I recently built a basic granular synthesis plugin using the JUCE Framework and whenever I load the plugin into FL Studio Ableton and REAPER it crashes. When I go on FL Studio the error says that “this plugin is disabled because of an error during processing”. I reviewed my code over a hundred times and everything seems to line up. I don’t have any errors or warnings in the .cpp and .h files. I am not really sure what the problem is. If anyone has experience with debugging please let me know if you could help me.
Debug the plugin by attaching to the REAPER process in your IDE, and try to find out why its crashing. It can be you haven’t got the input/output assignments you need …
How do I check for the correct input output assignments?
Try to run your plugin through pluginval in debug mode. Maybe also try auval and the vst3 validator. If that works fine, make sure you don’t do any important stuff inside jasserts or other places that will be removed in a release build.
If that still didn’t help (which is very unlikely) implement detailed processing logging and work through the logs.
So this is what its showing me. Also I can’t figure out how why I can’t debug on REAPER.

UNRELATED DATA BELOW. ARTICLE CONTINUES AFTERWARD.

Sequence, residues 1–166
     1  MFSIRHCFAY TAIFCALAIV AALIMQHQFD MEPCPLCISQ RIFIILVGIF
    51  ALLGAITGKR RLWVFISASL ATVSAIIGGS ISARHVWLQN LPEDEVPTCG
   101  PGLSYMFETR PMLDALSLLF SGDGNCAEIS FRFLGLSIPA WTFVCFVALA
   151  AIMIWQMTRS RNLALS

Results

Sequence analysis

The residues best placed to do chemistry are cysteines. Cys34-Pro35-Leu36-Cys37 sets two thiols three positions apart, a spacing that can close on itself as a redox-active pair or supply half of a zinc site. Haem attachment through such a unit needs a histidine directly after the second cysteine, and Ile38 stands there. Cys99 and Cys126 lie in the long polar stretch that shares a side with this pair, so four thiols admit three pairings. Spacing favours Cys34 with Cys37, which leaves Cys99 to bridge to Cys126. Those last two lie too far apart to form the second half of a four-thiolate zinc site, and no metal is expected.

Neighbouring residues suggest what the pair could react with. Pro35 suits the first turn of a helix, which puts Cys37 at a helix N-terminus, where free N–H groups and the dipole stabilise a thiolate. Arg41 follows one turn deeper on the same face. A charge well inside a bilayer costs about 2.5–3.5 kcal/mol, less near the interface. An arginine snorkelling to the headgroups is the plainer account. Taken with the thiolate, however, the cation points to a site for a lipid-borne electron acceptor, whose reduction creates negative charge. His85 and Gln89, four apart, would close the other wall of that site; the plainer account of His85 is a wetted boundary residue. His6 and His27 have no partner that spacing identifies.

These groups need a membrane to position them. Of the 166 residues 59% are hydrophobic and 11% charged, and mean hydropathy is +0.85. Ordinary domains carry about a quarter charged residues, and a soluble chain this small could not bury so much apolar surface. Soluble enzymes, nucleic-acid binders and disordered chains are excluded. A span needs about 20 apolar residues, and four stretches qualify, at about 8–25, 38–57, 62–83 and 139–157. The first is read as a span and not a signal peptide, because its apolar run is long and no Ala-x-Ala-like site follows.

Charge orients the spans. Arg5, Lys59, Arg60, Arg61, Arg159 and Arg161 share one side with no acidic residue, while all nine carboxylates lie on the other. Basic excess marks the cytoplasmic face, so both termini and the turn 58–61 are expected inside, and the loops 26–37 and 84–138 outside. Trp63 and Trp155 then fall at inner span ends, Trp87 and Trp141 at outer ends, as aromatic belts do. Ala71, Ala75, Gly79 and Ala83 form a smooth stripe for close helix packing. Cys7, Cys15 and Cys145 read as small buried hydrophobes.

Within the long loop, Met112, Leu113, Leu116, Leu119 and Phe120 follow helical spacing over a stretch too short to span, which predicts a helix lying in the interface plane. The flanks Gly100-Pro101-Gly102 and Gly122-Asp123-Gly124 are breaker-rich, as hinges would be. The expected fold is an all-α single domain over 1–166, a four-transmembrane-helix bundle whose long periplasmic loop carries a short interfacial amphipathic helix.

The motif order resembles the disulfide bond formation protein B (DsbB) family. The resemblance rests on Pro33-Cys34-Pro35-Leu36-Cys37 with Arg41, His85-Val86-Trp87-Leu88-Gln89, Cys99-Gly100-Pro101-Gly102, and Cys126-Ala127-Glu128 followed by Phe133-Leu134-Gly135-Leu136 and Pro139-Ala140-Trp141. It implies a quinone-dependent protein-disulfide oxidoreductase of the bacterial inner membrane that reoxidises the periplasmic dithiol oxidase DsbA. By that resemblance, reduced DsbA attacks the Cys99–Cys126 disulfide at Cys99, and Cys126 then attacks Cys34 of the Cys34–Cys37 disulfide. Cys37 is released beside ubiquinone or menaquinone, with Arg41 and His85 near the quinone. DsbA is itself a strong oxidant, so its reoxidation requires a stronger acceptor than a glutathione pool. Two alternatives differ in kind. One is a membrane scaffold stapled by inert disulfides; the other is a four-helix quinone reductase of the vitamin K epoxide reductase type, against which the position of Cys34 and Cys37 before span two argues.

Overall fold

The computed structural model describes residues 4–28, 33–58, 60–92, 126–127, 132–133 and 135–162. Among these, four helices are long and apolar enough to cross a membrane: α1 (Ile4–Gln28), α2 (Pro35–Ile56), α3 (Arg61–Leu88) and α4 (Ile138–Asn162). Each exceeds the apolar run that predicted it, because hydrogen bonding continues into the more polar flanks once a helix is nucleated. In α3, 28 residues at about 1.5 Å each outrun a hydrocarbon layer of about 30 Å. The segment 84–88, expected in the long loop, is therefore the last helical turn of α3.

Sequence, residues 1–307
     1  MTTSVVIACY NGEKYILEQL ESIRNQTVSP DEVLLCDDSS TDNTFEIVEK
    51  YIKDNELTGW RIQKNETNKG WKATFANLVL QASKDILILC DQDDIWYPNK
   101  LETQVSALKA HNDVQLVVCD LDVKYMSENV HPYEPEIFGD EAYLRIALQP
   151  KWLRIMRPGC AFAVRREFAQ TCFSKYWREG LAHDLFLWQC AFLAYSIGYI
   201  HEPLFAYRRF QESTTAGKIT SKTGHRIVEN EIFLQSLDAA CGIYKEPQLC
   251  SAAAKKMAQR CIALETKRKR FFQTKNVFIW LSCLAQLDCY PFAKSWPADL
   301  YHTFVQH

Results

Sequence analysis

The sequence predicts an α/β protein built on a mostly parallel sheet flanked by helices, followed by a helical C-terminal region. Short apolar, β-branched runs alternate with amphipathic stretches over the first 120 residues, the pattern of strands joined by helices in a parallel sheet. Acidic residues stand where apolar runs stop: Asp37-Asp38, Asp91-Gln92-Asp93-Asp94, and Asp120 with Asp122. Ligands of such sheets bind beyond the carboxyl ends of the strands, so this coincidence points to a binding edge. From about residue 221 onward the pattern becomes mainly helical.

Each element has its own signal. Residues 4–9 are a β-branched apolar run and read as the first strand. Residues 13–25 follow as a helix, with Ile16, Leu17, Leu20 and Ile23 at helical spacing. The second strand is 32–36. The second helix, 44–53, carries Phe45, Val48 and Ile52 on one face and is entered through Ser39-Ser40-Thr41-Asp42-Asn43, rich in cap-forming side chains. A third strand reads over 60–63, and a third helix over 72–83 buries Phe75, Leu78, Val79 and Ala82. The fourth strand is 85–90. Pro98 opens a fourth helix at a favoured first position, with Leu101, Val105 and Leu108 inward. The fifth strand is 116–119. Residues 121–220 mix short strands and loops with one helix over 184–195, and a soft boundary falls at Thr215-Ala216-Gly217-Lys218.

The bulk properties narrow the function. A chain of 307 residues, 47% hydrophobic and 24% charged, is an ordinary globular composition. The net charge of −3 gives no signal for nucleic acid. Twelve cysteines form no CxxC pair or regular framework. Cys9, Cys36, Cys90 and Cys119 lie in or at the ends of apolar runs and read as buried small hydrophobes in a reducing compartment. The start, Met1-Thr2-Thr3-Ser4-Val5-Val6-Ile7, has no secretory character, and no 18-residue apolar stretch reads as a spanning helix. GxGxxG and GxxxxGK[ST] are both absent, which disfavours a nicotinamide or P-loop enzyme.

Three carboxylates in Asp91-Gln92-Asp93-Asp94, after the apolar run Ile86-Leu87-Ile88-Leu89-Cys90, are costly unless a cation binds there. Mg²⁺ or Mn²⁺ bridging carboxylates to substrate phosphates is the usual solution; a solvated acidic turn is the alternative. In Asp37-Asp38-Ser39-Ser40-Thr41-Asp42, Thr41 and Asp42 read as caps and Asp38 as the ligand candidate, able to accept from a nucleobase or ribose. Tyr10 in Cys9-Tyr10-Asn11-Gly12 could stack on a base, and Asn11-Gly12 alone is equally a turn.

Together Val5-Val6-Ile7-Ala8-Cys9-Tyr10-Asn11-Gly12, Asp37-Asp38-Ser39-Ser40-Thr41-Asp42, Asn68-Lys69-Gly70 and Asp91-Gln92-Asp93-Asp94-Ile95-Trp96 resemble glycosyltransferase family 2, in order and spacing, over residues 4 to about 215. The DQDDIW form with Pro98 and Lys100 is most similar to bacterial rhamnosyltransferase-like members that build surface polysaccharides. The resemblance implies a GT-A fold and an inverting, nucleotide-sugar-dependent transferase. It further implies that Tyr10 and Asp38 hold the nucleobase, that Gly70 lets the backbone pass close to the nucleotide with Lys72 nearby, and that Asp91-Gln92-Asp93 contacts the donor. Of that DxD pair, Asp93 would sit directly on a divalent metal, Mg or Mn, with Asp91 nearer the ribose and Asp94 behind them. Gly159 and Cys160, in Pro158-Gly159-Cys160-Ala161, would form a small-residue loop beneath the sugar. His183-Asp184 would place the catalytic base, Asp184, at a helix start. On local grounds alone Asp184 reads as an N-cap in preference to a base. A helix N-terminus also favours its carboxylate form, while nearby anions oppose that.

To debug with REAPER:
All I do is select the plugin target, in my case AUv3, press “Run” in XCode, and it asks me which application to load - I select REAPER, and REAPER starts up - but the plugin isn’t instantiated yet (unless I have configured REAPER to automatically load last project, which I only use in rare cases of certainty) - so in REAPER I add a track, and instantiate the plugin - XCode sees that the plugin process is started (it waits for this process) and then it automatically attaches to the plugin instance created in REAPER, allowing me to debug further.
It may be similar on VStudio/Windows, but I do all my debugging on MacOS so ymmv.
First, get debugging under your DAW working - REAPER is pretty simple, once you realize that you have to instantiate the plugin instance manually and then see the debugger attach to that instance.
Anyway, once you have this working, set a breakpoint on the constructor of your plugin, and observe the input/output assignments as per this tutorial:
Also, once you’ve attached your debugger to your plugin instance, you may get the asserts() that are causing things to go awry. You want to breakpoint on
prepareToPlay() and then observe the input channelset with
getMainInputChannelSet() or if you are just interested in the number of channels, call